Acute Schmallenberg Virus (SBV) disease in cattle was reported in mainland Europe in 2016, with clinical signs of milk drop fever, sometimes with diarrhoea. Cases of SBV have been reported in cattle and sheep in GB.
Schmallenberg Virus (SBV) is a new disease which was first identified in Germany in 2011. The disease was seen in England in 2012. The first case of SBV in Scotland was identified in 2013 through active surveillance.
The virus is carried principally by midges (Culicoides) and causes disease in cattle and sheep, particularly birth abnormalities in calves and lambs. Birth abnormalities are a result of infection early in cattle (60-172 days) and sheep (28-56 days) pregnancy causing damage to the developing central nervous system of the foetus. This results in brain and limb deformities in newborn lambs and calves. SBV is not a notifiable disease and no restrictions are placed on infected premises.
Farmers are advised to contact their veterinary practitioner or SRUC Veterinary Services if they encounter the following symptoms, and SBV infection is suspected:
Looking at the potential spread of SBV in Scotland
EPIC scientists have highlighted the importance of two risk factors for the spread of SBV in Scotland: environmental temperature and timing of introduction of the disease.
Role of Temperature
Modelling of SBV suggests that risk of spread in Scottish sheep and cattle, under 'the right conditions' is high, but is highly sensitive to temperature. Too early in the season and it will be too cool with insufficient vectors to establish the disease. An introduction of SBV into Scotland later in the summer limits spread on account of the end of the vector season and declining temperatures.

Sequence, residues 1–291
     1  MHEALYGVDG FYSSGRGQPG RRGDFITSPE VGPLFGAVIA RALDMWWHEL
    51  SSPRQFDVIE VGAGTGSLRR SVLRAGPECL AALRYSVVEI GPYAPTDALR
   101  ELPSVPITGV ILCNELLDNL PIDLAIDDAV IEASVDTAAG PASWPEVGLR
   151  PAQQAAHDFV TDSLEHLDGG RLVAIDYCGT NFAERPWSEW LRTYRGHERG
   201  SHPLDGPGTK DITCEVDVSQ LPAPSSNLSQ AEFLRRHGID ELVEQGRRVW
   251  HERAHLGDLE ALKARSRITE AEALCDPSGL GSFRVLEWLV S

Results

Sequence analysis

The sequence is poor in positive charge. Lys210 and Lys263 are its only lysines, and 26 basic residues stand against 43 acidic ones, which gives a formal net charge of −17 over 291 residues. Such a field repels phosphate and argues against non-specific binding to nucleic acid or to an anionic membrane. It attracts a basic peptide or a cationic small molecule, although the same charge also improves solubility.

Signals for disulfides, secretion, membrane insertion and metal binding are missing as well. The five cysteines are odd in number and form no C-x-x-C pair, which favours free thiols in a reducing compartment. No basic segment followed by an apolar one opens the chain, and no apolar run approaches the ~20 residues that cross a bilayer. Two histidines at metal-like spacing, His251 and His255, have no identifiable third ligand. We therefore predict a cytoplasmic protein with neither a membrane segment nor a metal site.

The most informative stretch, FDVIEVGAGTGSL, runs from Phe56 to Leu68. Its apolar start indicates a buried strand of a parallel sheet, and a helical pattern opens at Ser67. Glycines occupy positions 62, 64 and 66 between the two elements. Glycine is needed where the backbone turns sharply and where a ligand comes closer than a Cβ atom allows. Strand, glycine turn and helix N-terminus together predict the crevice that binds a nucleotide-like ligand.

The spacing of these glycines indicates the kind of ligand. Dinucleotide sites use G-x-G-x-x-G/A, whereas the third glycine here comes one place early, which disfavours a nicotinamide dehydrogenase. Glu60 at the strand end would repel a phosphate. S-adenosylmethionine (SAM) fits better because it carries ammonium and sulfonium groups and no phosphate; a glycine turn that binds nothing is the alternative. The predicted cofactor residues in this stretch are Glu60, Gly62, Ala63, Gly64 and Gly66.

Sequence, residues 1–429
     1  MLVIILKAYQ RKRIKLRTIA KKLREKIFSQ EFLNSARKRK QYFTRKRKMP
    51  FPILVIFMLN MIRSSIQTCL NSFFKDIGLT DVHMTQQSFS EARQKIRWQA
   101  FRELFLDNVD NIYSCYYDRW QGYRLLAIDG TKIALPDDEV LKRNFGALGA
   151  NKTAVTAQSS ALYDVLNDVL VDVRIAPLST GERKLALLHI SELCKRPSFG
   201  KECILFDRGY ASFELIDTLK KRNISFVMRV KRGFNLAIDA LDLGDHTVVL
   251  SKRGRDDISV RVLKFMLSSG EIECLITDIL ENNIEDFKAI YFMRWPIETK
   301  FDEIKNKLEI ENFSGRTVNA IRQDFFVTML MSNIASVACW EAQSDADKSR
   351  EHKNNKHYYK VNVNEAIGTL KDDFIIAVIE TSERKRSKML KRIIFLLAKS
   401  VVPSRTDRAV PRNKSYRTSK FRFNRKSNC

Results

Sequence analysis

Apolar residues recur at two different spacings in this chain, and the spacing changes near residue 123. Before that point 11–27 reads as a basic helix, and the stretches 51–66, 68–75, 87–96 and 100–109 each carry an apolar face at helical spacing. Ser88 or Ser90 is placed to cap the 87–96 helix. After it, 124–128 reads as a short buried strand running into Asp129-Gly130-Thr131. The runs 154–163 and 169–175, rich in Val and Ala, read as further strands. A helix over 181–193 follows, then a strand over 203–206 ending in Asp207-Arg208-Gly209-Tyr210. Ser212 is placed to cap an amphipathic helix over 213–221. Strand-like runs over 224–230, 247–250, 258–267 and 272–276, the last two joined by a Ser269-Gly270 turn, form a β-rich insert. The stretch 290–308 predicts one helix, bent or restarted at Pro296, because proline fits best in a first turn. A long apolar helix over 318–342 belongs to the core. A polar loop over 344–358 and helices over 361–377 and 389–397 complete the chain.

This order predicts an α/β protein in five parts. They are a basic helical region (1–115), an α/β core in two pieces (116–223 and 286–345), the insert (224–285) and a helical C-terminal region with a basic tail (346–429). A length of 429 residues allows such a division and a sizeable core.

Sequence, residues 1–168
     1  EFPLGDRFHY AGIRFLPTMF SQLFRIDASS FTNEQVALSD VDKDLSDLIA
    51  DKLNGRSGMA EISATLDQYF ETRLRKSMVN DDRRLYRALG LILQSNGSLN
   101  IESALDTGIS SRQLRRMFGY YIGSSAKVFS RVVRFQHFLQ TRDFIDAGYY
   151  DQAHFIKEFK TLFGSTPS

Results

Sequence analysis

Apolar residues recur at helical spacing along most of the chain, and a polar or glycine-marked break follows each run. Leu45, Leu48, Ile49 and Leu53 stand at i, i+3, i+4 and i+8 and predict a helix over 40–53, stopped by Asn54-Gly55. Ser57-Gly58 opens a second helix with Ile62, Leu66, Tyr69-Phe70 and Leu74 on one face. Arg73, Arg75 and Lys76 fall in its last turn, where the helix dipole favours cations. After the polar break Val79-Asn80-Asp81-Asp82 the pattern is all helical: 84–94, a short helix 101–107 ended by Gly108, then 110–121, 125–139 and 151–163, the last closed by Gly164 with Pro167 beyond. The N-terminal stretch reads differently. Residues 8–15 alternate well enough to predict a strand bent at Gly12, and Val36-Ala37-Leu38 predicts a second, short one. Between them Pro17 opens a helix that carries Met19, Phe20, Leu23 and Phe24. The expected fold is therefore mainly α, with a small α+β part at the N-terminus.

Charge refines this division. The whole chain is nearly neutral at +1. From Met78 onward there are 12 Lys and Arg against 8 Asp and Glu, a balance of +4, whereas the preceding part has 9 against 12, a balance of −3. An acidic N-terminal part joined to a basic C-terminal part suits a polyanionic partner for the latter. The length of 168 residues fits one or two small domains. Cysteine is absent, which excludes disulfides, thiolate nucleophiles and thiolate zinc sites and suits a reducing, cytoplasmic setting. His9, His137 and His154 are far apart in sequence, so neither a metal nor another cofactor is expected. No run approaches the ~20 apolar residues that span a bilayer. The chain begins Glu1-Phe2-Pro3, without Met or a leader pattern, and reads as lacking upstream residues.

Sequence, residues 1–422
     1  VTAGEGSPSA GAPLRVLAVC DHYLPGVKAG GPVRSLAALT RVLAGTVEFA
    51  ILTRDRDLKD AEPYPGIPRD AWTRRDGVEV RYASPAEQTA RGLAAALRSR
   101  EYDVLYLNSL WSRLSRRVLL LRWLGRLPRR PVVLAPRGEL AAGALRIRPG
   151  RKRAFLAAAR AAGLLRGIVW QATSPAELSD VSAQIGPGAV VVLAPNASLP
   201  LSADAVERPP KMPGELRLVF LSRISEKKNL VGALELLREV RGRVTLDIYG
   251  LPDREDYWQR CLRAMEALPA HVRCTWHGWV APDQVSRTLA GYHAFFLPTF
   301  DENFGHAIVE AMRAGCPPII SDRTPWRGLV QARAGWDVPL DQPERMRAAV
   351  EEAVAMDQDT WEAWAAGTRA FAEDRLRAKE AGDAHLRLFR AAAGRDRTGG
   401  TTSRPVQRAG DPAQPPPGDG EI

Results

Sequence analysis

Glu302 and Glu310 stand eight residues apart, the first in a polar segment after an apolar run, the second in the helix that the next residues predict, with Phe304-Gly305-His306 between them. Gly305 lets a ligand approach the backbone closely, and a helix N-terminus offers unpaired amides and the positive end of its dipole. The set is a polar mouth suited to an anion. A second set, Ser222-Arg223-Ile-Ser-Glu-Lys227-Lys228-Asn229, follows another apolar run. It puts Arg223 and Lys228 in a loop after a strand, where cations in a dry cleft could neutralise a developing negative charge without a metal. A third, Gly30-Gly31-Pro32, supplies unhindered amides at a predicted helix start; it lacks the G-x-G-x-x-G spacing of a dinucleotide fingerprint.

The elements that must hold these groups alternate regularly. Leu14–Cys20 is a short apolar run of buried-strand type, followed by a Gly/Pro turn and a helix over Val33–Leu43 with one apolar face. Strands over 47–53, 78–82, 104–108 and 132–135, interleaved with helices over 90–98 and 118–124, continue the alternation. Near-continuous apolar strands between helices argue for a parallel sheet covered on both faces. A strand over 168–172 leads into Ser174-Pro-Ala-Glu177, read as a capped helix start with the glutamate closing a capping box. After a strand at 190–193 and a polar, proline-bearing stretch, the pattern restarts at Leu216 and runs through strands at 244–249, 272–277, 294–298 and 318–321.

Role of seasonal timing of disease introduction
The most vulnerable time for pregnant ewes carrying spring lambs is December and January. Low levels of midge activity during this time contribute to the small numbers of cases seen in Scotland. Early lambing flocks, where pregnant ewes are present whilst vectors are still active, are most at risk. The lack of SBV being identified in either early lambing flocks or all-year-round calving dairy herds in 2016 suggests the SBV infected midge population likely entered Scotland in late autumn 2016 presumably following a northward progression. The greatest at-risk animals are cattle mated in summer 2016 located in the border counties. The risks of birth abnormalities in cattle following infection are considerably greater due to the greater proportion of the year that cattle are serviced and the greater at-risk window during pregnancy in cattle.
If there is a re-emergence of SBV in Europe, Scottish farmers should consider possible control options, specifically altering the timing of mating or vaccinating if mating is to be during an at-risk period. Vaccinating animals can protect both those vaccinated and other animals by reducing transmission. The option of vaccination is subject to vaccine availability. In conjunction with their vet, farmers should monitor the situation in Europe and their own animals for clinical signs.
Modelling potential for SBV spread in the marginal disease environment of Scotland
SBV spread in Scotland is potentially governed by a number of factors which EPIC’s disease spread models take into account.
Details see Bessell et al., 2013 & Bessell et al., 2014
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